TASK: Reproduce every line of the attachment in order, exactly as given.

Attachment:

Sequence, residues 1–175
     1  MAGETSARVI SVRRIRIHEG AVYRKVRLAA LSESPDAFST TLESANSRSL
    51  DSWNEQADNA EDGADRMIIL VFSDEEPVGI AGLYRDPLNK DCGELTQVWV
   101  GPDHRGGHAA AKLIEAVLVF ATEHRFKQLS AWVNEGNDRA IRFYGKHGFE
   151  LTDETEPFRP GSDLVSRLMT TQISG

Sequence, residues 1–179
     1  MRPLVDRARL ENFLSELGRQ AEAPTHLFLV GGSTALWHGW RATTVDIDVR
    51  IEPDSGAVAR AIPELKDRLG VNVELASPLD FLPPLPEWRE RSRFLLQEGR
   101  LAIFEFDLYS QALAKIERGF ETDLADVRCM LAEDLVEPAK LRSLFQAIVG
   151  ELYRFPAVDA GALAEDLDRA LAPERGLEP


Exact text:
Sequence, residues 1–175
     1  MAGETSARVI SVRRIRIHEG AVYRKVRLAA LSESPDAFST TLESANSRSL
    51  DSWNEQADNA EDGADRMIIL VFSDEEPVGI AGLYRDPLNK DCGELTQVWV
   101  GPDHRGGHAA AKLIEAVLVF ATEHRFKQLS AWVNEGNDRA IRFYGKHGFE
   151  LTDETEPFRP GSDLVSRLMT TQISG

Sequence, residues 1–179
     1  MRPLVDRARL ENFLSELGRQ AEAPTHLFLV GGSTALWHGW RATTVDIDVR
    51  IEPDSGAVAR AIPELKDRLG VNVELASPLD FLPPLPEWRE RSRFLLQEGR
   101  LAIFEFDLYS QALAKIERGF ETDLADVRCM LAEDLVEPAK LRSLFQAIVG
   151  ELYRFPAVDA GALAEDLDRA LAPERGLEP